Album Review- The Drums – Abysmal Thoughts

By Nicola Roy (@circaslaves)

What was once a four-piece surf-rock outfit from New York, is now essentially a solo project from front-man Jonny Pierce – although what it lacks in former members, it more than makes up for in raw and gritty song-writing talent. Abysmal Thoughts is the fourth studio album from The Drums, the follow-up to Encyclopedia of 2014. To many people, mention of The Drums brings to mind nostalgic summer staple tracks such as Let’s Go Surfing, which raises the question- why would fans of those kind of feel-good vibes want to approach an album with such a name as Abysmal Thoughts? The trick is to not let the title put you off: yes, the songwriting in this album covers many difficult topics such as sexuality and despair, but with a quirky edge similar to that of Joy Division and The Smiths, it’s not only easy to listen to but extremely thought-provoking as well.

Opening track Mirror is smooth and echoey to start with, but after the chorus kicks in (accompanied by ethereal female backing vocals), a steady-building drum beat builds up and leads to a manic drop with synths flying around in the background. Ending as minimalistic as it began, the final synths blend in seamlessly with the following track, I’ll Fight For Your Life – an upbeat track with lyrics that illustrate the carefree and reckless side of love: ‘We barely made it out alive / and now we’re on a train tonight / a different city, a different life / will it ever feel right?

However, not every track about love is an uplifting one. Head of the Horse is arguably one of the most poignant and memorable tracks on the album, as it is here that Pierce tells the story of his difficulties growing up gay, which, with pastors for parents, was obviously not the easiest. Although it has a chilled-out beat and smooth falsetto vocals, lyrically it’s heartbreaking: ‘Your sister got married fourteen times / But if you fall in love, son; that’s a crime / Well, I fell in love and told him I was happy / My dad hugged me and said this would be the last hug‘. It’s difficult to turn such a sad topic into a happy-sounding song, but Pierce has the ability to turn previous pain into something meaningful and great.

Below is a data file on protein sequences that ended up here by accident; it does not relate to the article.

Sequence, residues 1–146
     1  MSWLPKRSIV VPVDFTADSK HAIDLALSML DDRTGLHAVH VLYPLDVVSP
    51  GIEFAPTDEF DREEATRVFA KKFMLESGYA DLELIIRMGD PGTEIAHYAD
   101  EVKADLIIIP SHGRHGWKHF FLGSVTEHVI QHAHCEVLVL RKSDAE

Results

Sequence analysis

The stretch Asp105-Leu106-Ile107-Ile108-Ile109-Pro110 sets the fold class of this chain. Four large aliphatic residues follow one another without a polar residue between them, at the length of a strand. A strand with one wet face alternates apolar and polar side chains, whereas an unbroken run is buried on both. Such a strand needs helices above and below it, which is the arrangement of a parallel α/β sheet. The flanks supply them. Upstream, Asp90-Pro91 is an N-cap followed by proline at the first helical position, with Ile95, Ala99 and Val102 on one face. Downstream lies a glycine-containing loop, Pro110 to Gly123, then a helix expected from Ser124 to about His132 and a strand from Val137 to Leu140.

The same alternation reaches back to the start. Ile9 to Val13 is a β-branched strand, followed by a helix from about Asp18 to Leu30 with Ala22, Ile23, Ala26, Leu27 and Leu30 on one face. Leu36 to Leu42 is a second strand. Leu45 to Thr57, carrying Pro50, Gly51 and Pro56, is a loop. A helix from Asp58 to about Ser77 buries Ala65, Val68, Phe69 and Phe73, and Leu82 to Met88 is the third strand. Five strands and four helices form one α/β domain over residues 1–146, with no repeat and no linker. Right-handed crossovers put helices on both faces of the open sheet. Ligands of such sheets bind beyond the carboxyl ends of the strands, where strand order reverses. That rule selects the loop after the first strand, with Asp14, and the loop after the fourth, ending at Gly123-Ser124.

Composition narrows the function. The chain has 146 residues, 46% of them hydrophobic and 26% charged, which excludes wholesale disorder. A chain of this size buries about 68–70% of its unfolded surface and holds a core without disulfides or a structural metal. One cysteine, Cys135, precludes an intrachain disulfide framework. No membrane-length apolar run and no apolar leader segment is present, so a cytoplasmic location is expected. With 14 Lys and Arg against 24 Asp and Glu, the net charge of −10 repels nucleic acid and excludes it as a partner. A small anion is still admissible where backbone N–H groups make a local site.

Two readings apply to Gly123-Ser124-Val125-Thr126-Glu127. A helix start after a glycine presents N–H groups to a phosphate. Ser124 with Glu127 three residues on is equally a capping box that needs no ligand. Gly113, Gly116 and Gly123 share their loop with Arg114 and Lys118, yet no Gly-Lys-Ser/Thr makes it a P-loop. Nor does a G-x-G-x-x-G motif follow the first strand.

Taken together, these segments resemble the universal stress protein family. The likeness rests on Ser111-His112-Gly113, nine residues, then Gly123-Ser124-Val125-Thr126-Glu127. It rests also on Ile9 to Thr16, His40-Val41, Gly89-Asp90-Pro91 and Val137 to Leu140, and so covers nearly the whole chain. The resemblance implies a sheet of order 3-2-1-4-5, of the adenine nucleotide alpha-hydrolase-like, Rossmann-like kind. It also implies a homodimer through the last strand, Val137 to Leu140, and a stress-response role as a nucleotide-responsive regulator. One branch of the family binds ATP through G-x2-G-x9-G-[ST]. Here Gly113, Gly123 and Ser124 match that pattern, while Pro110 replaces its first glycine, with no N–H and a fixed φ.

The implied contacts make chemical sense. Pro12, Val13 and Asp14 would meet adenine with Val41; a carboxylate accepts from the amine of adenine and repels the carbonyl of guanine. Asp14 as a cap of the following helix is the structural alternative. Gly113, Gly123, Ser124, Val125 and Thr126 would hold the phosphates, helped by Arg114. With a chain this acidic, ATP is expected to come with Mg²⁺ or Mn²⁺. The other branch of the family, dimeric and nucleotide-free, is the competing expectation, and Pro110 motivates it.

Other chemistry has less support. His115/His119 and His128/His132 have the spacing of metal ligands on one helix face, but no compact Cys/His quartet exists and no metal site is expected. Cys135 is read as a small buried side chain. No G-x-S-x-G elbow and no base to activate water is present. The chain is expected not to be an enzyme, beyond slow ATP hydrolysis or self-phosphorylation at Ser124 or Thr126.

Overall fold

More highlights of this album include Blood Under My Belt, the lead single- at first listen, clear Joy Division influences can be heard, especially with a beat almost identical to Disorder. This, combined with short and desperate lyrics about death and love, makes it also comparable to the likes of The Smiths, but with The Drums’ own breezy spin put on it. Pierce’s signature falsetto vocals in Heart Basel are also reminiscent of Morrissey’s, and his style of telling tales of heartbreak layered over an otherwise happy-sounding track is extremely clever and makes each listen different to the last.

Although this album was mainly based off unfortunate events, The Drums has crafted a well-put-together collection of stories: granted, not all of them happy, but this will make for a perfect summer album nonetheless.

7/10


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So Far, so good? New LCD Soundsystem tracks REVIEWED

By Nicola Roy (@circaslaves)

Outgrowing a band or a certain style of music is a fear that many of us have, and it is a fear that lays mostly in the members of the bands themselves. So 7 years ago, when LCD Soundsystem frontman James Murphy claimed exactly that, the last thing we expected this year was not one, but two tracks and an upcoming unnamed album that so far lyrically illustrates the pure irony of Murphy‘s completely untrue statement.